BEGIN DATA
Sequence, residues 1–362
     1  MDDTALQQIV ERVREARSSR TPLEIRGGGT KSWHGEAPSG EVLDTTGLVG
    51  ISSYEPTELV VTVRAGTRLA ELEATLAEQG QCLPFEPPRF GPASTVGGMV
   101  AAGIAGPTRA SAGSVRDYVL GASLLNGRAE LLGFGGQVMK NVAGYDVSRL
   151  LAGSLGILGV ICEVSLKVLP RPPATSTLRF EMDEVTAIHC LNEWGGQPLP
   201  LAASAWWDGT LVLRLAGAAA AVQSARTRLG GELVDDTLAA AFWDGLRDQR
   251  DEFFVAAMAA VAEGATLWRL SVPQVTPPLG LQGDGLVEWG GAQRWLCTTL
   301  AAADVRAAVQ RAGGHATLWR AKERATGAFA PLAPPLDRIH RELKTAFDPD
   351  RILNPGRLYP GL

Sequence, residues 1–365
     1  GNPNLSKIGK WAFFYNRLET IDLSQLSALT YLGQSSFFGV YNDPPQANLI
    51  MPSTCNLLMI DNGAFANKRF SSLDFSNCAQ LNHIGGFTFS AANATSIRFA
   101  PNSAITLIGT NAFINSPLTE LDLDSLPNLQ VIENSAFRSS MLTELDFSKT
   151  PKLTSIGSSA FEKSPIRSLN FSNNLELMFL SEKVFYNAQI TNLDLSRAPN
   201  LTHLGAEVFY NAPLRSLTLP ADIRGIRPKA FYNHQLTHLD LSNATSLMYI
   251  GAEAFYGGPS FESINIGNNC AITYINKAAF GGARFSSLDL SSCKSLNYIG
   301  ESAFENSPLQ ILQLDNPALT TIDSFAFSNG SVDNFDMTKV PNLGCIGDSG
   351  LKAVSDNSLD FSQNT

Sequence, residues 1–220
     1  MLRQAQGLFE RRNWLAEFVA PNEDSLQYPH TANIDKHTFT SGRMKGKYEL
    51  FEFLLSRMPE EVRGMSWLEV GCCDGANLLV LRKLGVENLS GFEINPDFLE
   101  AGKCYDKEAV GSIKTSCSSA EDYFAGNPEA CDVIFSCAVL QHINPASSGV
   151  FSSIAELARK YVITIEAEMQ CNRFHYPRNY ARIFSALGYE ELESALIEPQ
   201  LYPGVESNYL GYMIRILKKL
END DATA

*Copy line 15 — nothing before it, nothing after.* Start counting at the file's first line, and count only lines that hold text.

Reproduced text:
   201  LTHLGAEVFY NAPLRSLTLP ADIRGIRPKA FYNHQLTHLD LSNATSLMYI